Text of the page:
So now we know. Thank you, Headlines Today, for revealing the deep-rooted conspiracy at the heart of today’s politics. No, it has nothing to do with Muzaffarnagar and possible LeT recruitment in the refugee camps there — the subject of much debate on NDTV 24×7, Times Now and CNN-IBN, Tuesday night. No, Headlines Today has snooped around and come up with a new expose of the Congress. What, again? What now?
Now, it’s the Congress’s AAP “gameplan”. It’s Machiavellian “plot” is to have the AAP erode the BJP’s vote share in the forthcoming Lok Sabha elections in anything between 50-100 seats, depending on whether the new party’s vote share is 5 or 10 per cent. Headlines Today buttressed its argument by citing the example of Raj Thackeray’s MNS in Maharashtra during the 2009 Lok Sabha elections, where it played a spoiler for the BJP-Shiv Sena by eating into their vote share — and, as a result, helping the Congress win more seats. What was unclear from this fascinating piece of journalism is the precise nature of the role played by the Congress in the current AAP electoral strategy. From all that we have learnt from media reports, the AAP has decided to fight a large number of Lok Sabha seats — but without consulting Rahul G or Sonia ji. So where is the Congress hand in the AAP “gameplan”? Headlines Today doesn’t say.
The AAP may or may not eat into the BJP’s vote share, but certainly it has already eaten into the BJP’s media exposure. How often do you see Narendra Modi on your news channels nowadays? Sporadically, where once he was a daily, nay an hourly fixture. Since the December assembly election results, he’s been replaced by AAP, Muzaffarnagar, Rahul Gandhi and even the prime minister in the pecking order. This hiatus from the media spotlight may be good for the BJP’s prime ministerial candidate: many would say, Modi has been overexposed too early in the run-up to this summer’s elections.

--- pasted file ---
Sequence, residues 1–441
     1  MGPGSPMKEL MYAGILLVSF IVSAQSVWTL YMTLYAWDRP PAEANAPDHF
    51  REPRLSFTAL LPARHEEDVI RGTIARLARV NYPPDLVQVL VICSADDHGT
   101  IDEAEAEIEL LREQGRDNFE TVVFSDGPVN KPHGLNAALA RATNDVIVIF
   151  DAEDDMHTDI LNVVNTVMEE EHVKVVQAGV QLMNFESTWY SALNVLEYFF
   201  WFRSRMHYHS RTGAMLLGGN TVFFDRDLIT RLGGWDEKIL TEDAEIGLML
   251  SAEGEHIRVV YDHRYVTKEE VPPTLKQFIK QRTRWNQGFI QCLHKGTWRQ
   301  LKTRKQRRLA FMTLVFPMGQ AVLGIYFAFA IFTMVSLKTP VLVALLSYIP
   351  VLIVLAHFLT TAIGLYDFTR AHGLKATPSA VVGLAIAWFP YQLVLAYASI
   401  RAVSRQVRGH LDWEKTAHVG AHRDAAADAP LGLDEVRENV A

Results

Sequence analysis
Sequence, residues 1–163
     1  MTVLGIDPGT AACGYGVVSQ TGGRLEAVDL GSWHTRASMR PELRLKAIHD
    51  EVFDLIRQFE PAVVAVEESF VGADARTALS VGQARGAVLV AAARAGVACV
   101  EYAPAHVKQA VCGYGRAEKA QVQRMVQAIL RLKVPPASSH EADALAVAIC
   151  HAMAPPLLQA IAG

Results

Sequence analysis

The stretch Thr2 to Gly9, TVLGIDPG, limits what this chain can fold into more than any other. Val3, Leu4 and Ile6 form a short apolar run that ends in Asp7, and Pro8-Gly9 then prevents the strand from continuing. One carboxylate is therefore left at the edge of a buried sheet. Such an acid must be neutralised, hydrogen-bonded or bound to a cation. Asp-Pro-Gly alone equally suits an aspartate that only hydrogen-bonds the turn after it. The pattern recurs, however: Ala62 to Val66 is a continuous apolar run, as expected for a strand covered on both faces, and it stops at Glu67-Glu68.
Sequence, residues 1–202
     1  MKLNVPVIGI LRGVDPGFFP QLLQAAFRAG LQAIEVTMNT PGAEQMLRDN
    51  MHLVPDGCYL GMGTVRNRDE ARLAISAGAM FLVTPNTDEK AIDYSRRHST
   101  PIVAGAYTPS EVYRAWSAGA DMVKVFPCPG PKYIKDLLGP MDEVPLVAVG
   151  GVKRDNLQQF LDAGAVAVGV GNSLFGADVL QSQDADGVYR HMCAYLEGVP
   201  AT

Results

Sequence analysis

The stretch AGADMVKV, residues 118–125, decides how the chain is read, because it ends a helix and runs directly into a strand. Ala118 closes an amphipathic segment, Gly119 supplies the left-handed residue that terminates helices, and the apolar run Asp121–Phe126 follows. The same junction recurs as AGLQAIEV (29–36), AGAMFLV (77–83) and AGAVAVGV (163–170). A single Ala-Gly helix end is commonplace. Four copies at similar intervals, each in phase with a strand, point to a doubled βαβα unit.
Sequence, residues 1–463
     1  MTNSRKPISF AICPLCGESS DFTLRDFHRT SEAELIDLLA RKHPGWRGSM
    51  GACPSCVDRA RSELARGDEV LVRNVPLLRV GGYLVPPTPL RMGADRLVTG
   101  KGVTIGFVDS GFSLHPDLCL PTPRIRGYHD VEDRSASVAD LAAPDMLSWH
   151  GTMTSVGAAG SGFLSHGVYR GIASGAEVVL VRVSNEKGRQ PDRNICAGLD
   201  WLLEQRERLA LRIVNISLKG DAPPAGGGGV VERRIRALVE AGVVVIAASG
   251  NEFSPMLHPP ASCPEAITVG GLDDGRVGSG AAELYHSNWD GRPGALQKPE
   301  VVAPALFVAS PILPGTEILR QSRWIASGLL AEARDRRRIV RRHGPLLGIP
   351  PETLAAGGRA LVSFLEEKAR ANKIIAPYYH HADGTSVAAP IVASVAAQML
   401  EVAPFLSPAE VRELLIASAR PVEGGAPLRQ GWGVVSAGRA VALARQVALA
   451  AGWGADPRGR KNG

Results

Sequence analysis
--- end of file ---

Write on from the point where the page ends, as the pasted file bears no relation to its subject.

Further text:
Watching Hindi entertainment channels is to live inside a bubble that insulates you from the world outside. Other than crime shows such as Crime Patrol Dastak (Sony), TV shows fail to mirror contemporary urban life — or even provide a glancing reference to the social and political upheavals we are witnessing, say, in a city like Delhi. A show like Nandini (Sony) has young people, including an “aam” woman, striving in the political sphere but it is an exception.
Otherwise, you have shows such as Firangi Bahu (Sahara One) where one Camili Jonathan is married into the Desai family residing in Rajkot. She’s more the Indian bahu than Sonia Gandhi or Kahani Ghar Ghar Ki’s ideal, Parvati. So what if she is blond? That’s just a hair colour away, anyway. She wears a saree, performs all the duties of a perfect daughter-in-law and even speaks in Hindi. Well, if you can call it that. She sounds like pebbles are weighing down her tongue, that too curiously for an Englishwoman, with an American accent. Remind me, why do we make shows such as this one?
Rangrasiya (Colors) must have been made with a view to sell incredible Rajasthan as a tourist destination to domestic travellers. We luxuriate in the sand dunes, along with the camel and watch the sun set on both. We have a gorgeous village belle, Paro, who awaits a husband from across the border because she is the one chosen by the snake in the temple. And although she still doesn’t know it, she will be saved by her hero, BSD (Border Suraksha Dal) officer Rudra. He’s the strong, silent and somewhat surly type who is protecting all of us from the terrorists who sneak across the border in Birpur. It’s all very beautiful thus far and the C-grade romance is about to begin, so hold on to your hearts.
There’s also a Beintehaa (Colors), a new drama that centres around Zain, Zeeshan and Alia. Other than their being Muslim, this could be any young love triangle anywhere in India, although at the moment it is taking place in Bhopal. More for the tourist in us.
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